While Steve Jobs threatened to go thermonuclear in an effort to destroy Android, Tim Cook is a bit more level headed about things. Indeed, during Apple's most recent conference call, Cook stated quite bluntly that he's not a fan of litigation and prefers to settle than to battle it out in the court room.
I’ve always hated litigation always hated litigation, and I continue to hate it.. We just want people to invent their own stuff. If we could get an arrangement where we can be assured that’s the case, and that a fair settlement on stuff that’s occurred, I would highly prefer to settle vs battle.
And so on Monday, Tim Cook sat down with Samsung CEO Choi Gee-sung as part of a court-ordered settlement discussion. And while many believe that a mutually agreeable settlement may be a ways off, keep in mind that Apple and Samsung's ongoing legal dispute has mushroomed into a plethora of suits and countersuits in 11 different countries. All of those legal bills add up, and while both Apple and Samsung can certainly afford to keep the lawyers happy, both companies I'm sure would like this to end as amicably as can be.
If only it were that easy.
Samsung and Apple have been vigorously going after each other in the courts, with Apple most recently accusing Samsung of destroying relevant evidence. Further, recall that before Apple ever filed suit against Samsung, they approached the Korean based company back in 2010 about intellectual property concerns they had over Samsung's Galaxy products and their close resemblance to the iPhone. Clearly, those talks weren't sufficiently productive as Apple chose to sue back in April of 2011.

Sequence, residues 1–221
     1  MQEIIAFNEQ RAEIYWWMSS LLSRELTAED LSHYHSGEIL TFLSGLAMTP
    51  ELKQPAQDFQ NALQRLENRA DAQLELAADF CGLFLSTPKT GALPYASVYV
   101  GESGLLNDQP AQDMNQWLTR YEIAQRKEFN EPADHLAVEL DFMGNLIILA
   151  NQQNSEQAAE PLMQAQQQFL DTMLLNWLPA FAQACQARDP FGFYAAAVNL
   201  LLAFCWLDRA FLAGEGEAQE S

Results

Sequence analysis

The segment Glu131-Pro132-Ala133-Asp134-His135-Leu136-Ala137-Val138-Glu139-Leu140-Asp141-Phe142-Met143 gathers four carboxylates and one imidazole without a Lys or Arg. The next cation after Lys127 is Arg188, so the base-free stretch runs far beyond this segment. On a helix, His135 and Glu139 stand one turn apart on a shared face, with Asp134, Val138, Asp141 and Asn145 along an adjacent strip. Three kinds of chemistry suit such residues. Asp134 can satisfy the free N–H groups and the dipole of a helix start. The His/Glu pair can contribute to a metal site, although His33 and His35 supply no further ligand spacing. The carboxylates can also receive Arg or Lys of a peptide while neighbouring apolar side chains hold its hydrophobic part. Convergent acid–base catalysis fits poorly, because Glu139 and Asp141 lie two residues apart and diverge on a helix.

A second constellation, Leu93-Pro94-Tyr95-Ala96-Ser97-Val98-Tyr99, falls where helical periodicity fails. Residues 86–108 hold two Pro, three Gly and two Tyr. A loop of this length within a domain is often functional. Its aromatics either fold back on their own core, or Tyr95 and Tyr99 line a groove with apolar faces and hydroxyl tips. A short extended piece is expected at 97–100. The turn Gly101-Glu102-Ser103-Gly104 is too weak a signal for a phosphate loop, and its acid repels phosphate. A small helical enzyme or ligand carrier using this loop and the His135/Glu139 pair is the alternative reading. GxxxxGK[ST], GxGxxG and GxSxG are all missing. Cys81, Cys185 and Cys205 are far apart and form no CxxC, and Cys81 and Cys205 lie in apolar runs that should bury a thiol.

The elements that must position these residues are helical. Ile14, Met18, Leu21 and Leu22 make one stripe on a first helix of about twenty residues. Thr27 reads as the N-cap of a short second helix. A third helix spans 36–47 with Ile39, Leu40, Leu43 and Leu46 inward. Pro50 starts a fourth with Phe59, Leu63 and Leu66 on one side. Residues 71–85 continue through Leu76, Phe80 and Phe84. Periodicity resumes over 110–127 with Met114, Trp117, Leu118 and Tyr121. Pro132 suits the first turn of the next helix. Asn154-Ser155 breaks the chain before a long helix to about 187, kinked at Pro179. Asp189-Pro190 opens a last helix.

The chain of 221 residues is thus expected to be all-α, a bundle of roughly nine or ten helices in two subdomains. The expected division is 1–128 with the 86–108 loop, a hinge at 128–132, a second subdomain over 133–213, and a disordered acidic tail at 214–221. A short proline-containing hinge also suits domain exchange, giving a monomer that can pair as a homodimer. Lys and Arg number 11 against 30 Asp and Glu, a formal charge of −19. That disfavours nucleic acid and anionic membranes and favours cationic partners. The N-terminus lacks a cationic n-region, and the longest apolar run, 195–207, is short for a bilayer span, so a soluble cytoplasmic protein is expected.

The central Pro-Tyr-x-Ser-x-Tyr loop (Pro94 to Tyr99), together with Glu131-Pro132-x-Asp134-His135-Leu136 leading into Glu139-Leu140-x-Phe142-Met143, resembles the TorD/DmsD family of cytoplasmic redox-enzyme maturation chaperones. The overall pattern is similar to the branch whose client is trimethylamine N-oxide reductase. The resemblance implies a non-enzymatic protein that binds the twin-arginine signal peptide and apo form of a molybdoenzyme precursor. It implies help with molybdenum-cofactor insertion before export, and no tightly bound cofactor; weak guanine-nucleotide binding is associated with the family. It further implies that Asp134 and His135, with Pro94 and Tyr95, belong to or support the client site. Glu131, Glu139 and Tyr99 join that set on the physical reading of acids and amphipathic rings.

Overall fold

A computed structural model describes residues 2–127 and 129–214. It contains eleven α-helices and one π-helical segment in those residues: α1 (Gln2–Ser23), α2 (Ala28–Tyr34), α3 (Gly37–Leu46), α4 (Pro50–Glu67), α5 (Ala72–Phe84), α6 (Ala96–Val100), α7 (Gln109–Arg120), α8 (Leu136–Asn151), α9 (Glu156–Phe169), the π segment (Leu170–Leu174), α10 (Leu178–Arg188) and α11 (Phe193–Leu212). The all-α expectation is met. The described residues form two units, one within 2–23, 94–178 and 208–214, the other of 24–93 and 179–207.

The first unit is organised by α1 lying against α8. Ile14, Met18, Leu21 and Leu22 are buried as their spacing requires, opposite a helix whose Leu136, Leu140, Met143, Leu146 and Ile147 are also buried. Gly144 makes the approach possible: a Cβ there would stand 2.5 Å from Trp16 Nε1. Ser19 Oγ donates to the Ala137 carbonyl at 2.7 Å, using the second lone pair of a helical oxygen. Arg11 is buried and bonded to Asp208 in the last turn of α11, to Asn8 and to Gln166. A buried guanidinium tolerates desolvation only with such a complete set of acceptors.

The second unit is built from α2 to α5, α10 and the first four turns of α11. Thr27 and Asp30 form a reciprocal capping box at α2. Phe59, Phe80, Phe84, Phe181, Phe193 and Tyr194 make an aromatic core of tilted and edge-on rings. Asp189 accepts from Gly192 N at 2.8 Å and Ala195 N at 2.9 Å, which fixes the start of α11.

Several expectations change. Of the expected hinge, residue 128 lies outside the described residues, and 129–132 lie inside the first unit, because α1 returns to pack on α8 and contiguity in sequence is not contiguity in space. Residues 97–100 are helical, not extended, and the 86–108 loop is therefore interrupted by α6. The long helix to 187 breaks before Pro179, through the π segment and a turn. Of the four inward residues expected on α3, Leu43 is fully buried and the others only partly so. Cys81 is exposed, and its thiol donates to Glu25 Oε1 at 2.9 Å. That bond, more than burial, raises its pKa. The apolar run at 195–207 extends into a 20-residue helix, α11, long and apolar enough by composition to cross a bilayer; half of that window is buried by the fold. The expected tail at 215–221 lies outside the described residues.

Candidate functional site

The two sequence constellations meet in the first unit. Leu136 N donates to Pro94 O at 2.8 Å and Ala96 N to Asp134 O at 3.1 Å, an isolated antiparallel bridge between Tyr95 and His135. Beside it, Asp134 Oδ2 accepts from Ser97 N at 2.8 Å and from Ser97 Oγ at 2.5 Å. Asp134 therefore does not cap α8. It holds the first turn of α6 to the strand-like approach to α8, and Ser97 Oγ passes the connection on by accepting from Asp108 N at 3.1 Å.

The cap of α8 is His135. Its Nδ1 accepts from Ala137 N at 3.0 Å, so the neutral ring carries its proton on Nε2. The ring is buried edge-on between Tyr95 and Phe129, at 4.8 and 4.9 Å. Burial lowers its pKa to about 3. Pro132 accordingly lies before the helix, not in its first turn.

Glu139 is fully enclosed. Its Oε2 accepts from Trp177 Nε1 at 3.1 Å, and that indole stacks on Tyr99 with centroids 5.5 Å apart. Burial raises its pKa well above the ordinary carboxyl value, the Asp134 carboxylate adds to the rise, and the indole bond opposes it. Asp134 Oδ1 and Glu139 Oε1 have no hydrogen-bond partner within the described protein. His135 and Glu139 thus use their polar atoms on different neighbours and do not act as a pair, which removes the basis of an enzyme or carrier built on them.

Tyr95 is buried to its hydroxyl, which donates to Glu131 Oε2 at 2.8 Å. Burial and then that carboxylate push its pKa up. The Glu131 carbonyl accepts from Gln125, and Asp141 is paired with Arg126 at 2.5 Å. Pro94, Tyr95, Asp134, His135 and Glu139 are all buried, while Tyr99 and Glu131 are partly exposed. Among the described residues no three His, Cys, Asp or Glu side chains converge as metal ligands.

Reuters quotes keen patent observer Florian Mueller who also isn't terribly optimistic about Apple and Samsung coming to a settlement anytime soon.
"This dispute isn't ripe for settlement," Florian explained. "Under the present circumstances, the two companies' delegations should spend a couple of fun days in Yosemite Park or Napa Valley, rather than meet in court only to pretend they're being constructive."
It's also worth noting that HTC last week had many of its smartphone shipments delayed pursuant to an ITC ruling in Apple's favor relating to a patent regarding data tapping functionality. To that end, it's reasonable to assume that Apple not only feels strongly in its position, but is reassured by a number of recent victories it has secured as of late.
All that said, Cook and Gee-sung will be meeting face to face this week for a few days and let's just say it'd be fascinating beyond belief to be a fly on the wall.